destruction

the smells
            the sounds
cacophony

I want to run

how could God desire
such sacrifice

how could God not

true sacrifice
is not easy    simple     pretty
true sacrifice
of the self
before God
is difficult   painful
yet necessary

I want to run

from the pain
from the noise
to somewhere pleasant 
           somewhere safe
                 somewhere simple

if only it really existed
            or
thank God it does not

aliyah 4

sacrifice continues
            I do not run           
I do not hide
            my eyes
            my heart
            my soul
from what is
real

the priest
            conduit between us and God
takes our offerings
            and kills them
my flocks
            my birds
                        my possessions
are no more

were they ever
real
really mine

no

they were Gods
as they still are

still

each time
            i see
one rise in smoke to God
            i feel
a piece of my self
            die with it
            and rise
            back to God

in my heart
I hear God saying
welcome home

aliyah 5

no more death
of animals
            of the self
it is finished

I have given all I can to God
            for now

then suddenly I smell
            something sweet
            something pleasant
mingled with the acrid smell
            of sacrifice

like fresh bread baking
            the smell of home
                        or hearth
            of safety
of security

this is something i can live with
            I can enjoy
I hope
it will never
end

aliyah 6

that wondrous smell
tempting me
hunger desire arising
            within me
I am ready to eat
            to devour
        the bread
    staff of life
source of my sustainance

but wait

the smell is changing
from sweet to acrid
pleasant to noxious
soothing to burning

the bread is burning
turned to smoke
on the altar

why
I wanted it
we all did

but of course
it is not
for us
it is
for God

I am in pain
my desire unfulfilled

I mourn the loss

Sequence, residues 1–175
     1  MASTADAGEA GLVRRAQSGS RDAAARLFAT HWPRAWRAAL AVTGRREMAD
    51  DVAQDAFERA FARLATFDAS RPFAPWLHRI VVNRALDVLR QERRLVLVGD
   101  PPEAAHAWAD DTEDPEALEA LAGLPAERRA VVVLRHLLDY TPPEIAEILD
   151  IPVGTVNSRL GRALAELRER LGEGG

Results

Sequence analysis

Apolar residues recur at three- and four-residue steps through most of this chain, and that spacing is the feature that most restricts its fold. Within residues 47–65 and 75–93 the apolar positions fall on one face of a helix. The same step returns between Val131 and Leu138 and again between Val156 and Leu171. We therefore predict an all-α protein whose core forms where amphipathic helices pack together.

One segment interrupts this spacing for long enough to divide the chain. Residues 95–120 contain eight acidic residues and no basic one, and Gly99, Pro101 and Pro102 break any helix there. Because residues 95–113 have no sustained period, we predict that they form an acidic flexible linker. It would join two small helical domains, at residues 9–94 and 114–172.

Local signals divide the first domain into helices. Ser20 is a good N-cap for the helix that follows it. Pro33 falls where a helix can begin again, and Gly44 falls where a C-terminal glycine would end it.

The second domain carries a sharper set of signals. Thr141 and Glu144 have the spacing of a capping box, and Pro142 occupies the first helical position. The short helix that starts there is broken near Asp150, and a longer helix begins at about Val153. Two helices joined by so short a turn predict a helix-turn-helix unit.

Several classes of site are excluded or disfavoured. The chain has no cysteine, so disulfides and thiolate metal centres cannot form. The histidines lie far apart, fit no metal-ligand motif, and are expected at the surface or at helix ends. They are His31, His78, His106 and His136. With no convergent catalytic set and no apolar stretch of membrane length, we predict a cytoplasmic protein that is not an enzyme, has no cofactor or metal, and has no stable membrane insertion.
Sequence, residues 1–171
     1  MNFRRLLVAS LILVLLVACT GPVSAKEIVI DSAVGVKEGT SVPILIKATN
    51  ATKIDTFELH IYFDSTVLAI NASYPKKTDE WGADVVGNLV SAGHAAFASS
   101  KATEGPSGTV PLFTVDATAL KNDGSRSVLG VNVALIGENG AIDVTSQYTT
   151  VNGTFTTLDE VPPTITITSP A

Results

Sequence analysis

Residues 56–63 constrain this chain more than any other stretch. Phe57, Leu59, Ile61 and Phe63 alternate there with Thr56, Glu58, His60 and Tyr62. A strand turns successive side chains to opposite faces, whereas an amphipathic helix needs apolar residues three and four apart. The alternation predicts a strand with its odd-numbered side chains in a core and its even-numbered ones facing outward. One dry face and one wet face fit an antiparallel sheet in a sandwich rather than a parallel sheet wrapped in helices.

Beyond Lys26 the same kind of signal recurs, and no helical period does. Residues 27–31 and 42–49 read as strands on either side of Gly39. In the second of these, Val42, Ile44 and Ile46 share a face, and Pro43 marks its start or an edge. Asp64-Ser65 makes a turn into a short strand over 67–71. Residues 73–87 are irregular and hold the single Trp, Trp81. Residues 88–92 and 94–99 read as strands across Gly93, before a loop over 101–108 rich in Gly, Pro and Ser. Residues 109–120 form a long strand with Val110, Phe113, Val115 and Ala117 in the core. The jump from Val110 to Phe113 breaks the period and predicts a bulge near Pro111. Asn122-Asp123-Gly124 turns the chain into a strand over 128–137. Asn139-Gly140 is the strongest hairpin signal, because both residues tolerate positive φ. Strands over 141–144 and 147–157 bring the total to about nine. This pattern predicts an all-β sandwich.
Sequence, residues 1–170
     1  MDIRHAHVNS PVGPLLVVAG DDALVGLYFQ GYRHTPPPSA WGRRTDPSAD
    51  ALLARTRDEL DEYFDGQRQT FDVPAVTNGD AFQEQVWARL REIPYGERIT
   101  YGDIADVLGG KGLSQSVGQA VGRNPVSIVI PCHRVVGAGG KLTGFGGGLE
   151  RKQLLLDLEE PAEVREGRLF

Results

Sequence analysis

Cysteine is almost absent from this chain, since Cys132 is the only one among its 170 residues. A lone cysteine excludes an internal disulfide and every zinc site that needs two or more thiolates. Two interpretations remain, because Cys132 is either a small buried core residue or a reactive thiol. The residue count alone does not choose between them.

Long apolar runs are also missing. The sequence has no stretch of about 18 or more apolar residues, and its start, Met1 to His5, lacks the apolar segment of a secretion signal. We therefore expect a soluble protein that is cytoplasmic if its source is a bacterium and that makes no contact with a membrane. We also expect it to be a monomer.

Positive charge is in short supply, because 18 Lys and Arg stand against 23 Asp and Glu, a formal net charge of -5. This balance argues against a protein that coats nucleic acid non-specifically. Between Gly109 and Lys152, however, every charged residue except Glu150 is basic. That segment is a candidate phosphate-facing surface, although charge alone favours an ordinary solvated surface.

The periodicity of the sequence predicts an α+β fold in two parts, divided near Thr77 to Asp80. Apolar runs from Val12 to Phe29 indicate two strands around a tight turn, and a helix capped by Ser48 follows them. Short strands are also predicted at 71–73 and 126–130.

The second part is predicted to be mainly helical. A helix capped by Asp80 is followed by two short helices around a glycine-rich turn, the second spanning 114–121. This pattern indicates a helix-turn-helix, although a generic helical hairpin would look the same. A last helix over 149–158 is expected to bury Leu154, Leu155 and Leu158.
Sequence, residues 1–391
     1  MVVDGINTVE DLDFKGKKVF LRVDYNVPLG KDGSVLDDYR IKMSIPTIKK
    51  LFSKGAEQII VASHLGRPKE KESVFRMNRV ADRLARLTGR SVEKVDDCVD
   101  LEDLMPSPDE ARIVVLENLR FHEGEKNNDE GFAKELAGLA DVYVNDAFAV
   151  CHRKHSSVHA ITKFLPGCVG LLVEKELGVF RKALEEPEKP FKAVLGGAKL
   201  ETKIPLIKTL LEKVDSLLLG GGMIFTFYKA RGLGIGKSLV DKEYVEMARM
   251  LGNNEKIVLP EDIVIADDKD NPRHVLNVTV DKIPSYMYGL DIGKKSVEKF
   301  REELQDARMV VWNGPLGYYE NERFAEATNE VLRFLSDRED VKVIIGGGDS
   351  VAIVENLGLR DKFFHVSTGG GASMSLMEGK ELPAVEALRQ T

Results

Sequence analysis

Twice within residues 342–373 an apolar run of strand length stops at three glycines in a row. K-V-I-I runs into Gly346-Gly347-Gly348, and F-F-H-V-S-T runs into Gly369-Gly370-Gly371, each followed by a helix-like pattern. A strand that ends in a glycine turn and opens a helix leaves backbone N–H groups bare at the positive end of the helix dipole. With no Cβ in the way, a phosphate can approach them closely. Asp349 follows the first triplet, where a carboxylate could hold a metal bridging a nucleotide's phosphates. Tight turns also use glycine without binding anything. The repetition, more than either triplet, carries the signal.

of something
            I never had
            that was never mine

then i remember
this
is what
it’s all about

life

gain and loss
pain and pleasure
criticism and praise
recognition and invisibility

all illusions
            never real
            never mine
like the bread
they are here
            bringing joy
               that is not real joy
they are gone
            bringing pain
                that feels all too real

what is real
what is here
always
is simply
God

aliyah 7

and so I offer to God
            my meal
            my grain
            my source
            my soul

I do not bring
            leavened bread
            ego
            self
            selfishness
            pride
for it is no more
            if it ever was

I do not bring
            merely
            the sweetness
            that hides the pain           
                        that is real
            like honey masks
                        the bitterness
            we are meant to taste

I simply bring
            what is real
            all that i am
            no judgements
            no facades
            no illusions
just all that I am
            that is part of you
            part of God
            part of the world

a particle of the smoke
            rising from the altar
of life
            returning to the source
of life

I hear the call
            the my heart
I see the smoke rise to God
            my soul rejoices

and together
            we all
sing praise
to
 the
One
halleluyah





Friday, March 5, 2010

The Truth of Gold: Poetic Midrash on Parshat Ki Tissa



This week's  parashah Ki Tissa (Shemot/Exodus 30:11-34:35) includes the all-too-familar narrative of the Golden Calf. One image in the that has intrigued me, yet is less familiar and oft forgetten,  is that of Moses grinding the calf into powder, mixing it with water and forcing the people to drink it as expiation for their sin. This ingestion of the remnants of their sin holds powerful meaning within it. This is one interpretation of that moment and what it might mean.

Shabbat Shalom,
Steven


the truth of gold

gold
before me
now
gleaming brightly
holy tabernacle
god's glory
glowing
everpresent
neverseen
alwaysfelt

gold
then
molten
hot
burning
the calf
idol
searing
image
into
my
mind


people
crying
wailing
this
is your
god
israel
who
brought you
out
of
gypt

how
could
we
believe
how could
we
not

he
was gone
we
felt
fear
needed
certainty
where
there was
none

we
all gave
gold
melted
melded
merging
we
created
the calf
from
our gold
not
really
a god

it
was
us

blind
to
divinity
truth
presence
only seeing
false reality
deaf
to God’s voice
within
we only heard
cries
screams
fear
feeling
uncertainty


gold
obsession
i felt it
feel it
within
bitter taste of sin
infidelity
coursing
within


i drank
the waters
from his hands
looking
into
his eyes
burning
rage
accusation
contempt
flooded
tears of
sadness
love
disappointment
compassion
feeling
all
i drank
our sin
my sin
now
within

gold
given
to create
a monster
restored
to forgive
sinner
humans
being
human

gold
within
eternally
reminding
all
past
is past
not present
still
present
it’s presence
remind me
do not
 stop
living
feeling
knowing
embracing
the spirit
within
the moment

god
i was seeking
you
when i gave
my gold
what i found
when it was returned to
me
forced into
me
reminding me
was
eternal divinity
inside me
inside each
sinnersaint
each human being

remaining
within
long after
sin forgiven
present is past
past is forgotten

that is the reality
the turth
of gold
of god
within
within
us all